Nasty bar fight last night. I was having a nice dinner with my wife, when this troglidytic group of thugs came in and started picking a fight with me. I ignored them, until one of them winked at my wife (he may have had something in his eye; hard to say). I couldn’t tolerate that, so I stood up and faced the thug nearest me. I swung on him with all of my 185 pounds. My fist went up to my wrist in his stomach. He flopped to the floor vomiting his lungs out, his face turning gradually purple.

Another thug (called “Rainey,” from what I could gather) came to help him, so I palmed my short nosed .32 and laid it across his cheek with a crack that split the flesh open. He dropped back into a chair with his mouth hanging, drooling blood and saliva over his chin. I stood there smiling, but nothing was funny. I said, “Rainey, I’ve had some punks tougher than you’ll ever be on the end of a gun and I pulled the trigger just to watch their expressions change.” He was scared, but he tried to bluff it out anyway. He said, “Why don’tcha try it now? Go ahead, why don’tcha try it?” He started to laugh at me when I pulled the trigger of the .32 and shot him in the thigh. He said, “Damn!” under his breath and grabbed his leg. I raised the muzzle of the gun until he was looking right into the little round hole that was his ticket to hell. “Dare me some more, Rainey.”

After that the rest of the … Read the rest

Thursday Miscellany

Relaxing time. I’m experiencing my first breather at the office in over three months. I plan on meeting my wife and another couple for dinner after work, drink a few big mugs, get up tomorrow morning and knock out a piece with a looming deadline, go to Mass, then relax. It’s a good feeling. Now, if only the weather would get nice.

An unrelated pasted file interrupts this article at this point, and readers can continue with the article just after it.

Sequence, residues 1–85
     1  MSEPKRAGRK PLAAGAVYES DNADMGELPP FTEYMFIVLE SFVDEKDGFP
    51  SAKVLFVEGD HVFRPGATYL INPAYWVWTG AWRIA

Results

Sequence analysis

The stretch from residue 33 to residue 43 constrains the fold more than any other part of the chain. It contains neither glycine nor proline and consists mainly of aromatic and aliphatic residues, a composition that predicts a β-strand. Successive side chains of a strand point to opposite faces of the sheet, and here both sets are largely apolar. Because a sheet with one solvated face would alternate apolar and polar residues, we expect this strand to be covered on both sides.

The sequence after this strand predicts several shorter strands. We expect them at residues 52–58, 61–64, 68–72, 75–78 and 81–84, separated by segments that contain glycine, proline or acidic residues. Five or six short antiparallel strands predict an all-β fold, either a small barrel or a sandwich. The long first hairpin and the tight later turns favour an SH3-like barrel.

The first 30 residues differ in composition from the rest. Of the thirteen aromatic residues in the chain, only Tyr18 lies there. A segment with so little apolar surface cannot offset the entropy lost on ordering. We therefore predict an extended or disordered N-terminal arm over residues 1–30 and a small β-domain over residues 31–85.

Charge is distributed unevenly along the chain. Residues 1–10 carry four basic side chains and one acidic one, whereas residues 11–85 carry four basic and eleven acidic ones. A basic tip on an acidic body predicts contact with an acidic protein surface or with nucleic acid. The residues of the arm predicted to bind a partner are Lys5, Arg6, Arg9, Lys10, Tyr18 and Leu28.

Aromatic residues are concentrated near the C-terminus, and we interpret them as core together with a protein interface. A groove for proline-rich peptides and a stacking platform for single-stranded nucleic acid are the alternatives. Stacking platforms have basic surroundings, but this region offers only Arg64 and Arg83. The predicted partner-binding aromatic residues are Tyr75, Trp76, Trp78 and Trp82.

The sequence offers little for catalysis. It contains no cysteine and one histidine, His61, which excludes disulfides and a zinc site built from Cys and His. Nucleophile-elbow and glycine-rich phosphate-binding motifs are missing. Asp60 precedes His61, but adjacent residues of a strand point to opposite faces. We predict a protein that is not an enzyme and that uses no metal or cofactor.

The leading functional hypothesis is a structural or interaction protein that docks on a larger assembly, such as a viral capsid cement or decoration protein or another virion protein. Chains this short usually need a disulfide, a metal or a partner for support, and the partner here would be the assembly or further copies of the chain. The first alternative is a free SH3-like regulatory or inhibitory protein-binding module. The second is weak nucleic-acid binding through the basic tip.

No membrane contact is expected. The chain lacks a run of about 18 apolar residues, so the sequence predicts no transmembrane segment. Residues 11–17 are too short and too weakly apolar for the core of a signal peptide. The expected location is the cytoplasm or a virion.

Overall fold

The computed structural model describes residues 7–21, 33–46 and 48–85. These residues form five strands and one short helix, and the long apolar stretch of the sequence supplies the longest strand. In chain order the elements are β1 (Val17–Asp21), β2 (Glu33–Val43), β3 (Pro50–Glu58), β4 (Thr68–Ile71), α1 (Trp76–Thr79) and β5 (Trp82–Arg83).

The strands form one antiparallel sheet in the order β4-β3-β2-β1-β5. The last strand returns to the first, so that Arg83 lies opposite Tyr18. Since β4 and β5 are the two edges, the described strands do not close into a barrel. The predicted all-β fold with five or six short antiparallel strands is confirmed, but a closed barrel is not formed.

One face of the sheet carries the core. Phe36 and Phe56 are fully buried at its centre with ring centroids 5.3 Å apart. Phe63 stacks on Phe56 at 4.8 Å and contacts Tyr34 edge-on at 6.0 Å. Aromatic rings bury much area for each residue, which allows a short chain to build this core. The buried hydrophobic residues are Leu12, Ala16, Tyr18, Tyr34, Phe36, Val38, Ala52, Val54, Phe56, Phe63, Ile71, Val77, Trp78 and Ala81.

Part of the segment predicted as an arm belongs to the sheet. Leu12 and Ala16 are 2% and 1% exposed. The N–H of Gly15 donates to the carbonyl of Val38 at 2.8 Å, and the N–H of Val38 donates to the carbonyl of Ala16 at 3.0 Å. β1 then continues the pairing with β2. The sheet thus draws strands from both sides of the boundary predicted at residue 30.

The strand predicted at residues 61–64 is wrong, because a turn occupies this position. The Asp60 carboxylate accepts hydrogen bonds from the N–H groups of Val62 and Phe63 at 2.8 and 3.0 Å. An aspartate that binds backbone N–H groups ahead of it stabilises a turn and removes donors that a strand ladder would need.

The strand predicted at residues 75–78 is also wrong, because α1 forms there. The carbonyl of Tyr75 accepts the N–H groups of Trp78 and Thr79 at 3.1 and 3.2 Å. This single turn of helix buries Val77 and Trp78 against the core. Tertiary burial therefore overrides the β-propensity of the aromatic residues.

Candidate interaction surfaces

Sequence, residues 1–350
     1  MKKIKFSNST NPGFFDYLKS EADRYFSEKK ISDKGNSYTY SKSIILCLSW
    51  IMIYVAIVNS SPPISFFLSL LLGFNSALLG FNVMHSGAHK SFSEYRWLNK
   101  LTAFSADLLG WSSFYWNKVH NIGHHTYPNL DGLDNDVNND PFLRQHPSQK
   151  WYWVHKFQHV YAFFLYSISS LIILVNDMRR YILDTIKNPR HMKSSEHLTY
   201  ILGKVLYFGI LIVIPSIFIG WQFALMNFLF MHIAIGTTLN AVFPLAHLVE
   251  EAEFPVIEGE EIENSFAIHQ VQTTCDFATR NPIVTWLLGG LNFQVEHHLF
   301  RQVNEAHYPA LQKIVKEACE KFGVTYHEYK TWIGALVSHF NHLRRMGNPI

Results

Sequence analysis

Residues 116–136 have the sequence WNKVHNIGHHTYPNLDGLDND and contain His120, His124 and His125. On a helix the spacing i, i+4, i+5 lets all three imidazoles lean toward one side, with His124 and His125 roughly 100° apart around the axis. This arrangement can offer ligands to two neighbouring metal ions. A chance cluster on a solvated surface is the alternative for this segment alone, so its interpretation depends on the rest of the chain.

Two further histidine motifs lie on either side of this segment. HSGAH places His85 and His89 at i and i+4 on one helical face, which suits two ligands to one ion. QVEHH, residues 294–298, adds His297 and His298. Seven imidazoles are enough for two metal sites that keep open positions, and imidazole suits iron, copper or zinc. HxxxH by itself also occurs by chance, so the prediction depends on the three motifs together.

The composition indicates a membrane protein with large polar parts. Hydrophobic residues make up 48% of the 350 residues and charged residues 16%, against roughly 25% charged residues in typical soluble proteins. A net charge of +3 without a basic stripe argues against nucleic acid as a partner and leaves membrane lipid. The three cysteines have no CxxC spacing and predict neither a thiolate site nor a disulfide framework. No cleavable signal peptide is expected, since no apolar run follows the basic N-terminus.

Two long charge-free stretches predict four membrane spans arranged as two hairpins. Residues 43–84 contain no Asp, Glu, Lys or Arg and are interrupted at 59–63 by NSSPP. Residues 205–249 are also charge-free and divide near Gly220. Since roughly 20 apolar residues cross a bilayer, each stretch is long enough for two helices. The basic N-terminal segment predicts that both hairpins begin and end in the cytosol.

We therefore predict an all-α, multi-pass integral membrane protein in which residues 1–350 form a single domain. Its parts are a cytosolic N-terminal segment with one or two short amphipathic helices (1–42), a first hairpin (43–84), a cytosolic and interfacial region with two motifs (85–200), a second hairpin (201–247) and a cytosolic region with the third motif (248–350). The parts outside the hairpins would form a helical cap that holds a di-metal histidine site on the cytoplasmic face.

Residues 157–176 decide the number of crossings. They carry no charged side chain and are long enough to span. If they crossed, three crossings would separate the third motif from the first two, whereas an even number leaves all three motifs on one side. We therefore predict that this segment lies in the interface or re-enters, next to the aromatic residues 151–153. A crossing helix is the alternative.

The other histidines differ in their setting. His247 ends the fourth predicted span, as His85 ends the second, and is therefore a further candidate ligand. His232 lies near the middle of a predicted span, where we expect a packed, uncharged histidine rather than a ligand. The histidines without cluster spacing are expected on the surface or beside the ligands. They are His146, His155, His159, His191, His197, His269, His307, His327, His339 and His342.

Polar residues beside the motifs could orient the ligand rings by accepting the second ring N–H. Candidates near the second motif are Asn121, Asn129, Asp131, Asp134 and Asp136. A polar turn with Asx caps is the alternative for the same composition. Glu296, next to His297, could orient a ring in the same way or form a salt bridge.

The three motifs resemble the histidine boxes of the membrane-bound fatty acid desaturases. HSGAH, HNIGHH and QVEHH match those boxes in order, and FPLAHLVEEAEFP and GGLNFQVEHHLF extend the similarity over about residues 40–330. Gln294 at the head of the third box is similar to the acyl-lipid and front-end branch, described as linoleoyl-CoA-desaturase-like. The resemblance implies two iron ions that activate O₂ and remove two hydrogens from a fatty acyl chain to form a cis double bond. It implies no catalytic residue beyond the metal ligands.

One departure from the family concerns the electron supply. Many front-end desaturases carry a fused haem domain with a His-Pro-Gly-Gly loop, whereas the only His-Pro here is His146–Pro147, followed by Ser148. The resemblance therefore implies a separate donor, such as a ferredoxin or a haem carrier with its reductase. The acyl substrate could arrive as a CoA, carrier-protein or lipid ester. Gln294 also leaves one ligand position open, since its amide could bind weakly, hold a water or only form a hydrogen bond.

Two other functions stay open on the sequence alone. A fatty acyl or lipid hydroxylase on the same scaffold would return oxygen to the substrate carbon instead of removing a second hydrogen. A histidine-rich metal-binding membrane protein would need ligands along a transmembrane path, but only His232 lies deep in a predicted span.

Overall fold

Aside: Brew You Can Use should be pretty good tomorrow. I already have some script, plus I should have some extra time to work on it. We’ll see.

Hey, but at least you’ll no longer care about your waist line: Having a big belly in your 40s can boost your risk of getting Alzheimer’s disease or other dementia decades later.

Mining company plans to dig up Nietzsche’s remains so it can bulldoze. Citizens of Rocken object, even the Catholics who, you’d think, have little love for the “God is Dead” philosopher: “The parish is unanimously against this,” said the local priest, Joachim Salomon.

I harbor no grudge against the great thinker, incidentally. Sure, he relished the death of God, but he was an honest writer and he saw the bankruptcy of modernity before everyone else. His pitiful life, acrid thought, and insanity at a relatively young age were mere omen symbols of what the modern world promised. We owe him some measure of thanks for his candor.

(Others might disagree with my blurb assessment. Nietzsche wrote widely and madly. His works are subject to various interpretations, and I’m no Nietzsche expert. By all means, feel free to use the comments box to offer different opinions. I’d love to seem them.)… Read the rest

The Wednesday Eudemon

18 things a man doesn’t have. It’s a pretty good list, but I don’t agree with all of them (what’s wrong a cheap case of beer (#11), especially if you have to share?).

Where two or more are gathered in His name, you might still need interpretive guidance: An 11-year-old girl died after her parents prayed for healing rather than seek medical help for a treatable form of diabetes . . . The family does not attend an organized church or participate in an organized religion. “They have a little Bible study of a few people.”

Theater chain to charge $35 per ticket: Each complex will sport theaters featuring 40 reclining armchair seats with footrests, digital projection and the capability to screen 2-D and 3-D movies, as well as a lounge and bar serving cocktails and appetizers, a concierge service and valet parking. No word on whether you get a price discount if it’s a Jessica Alba film.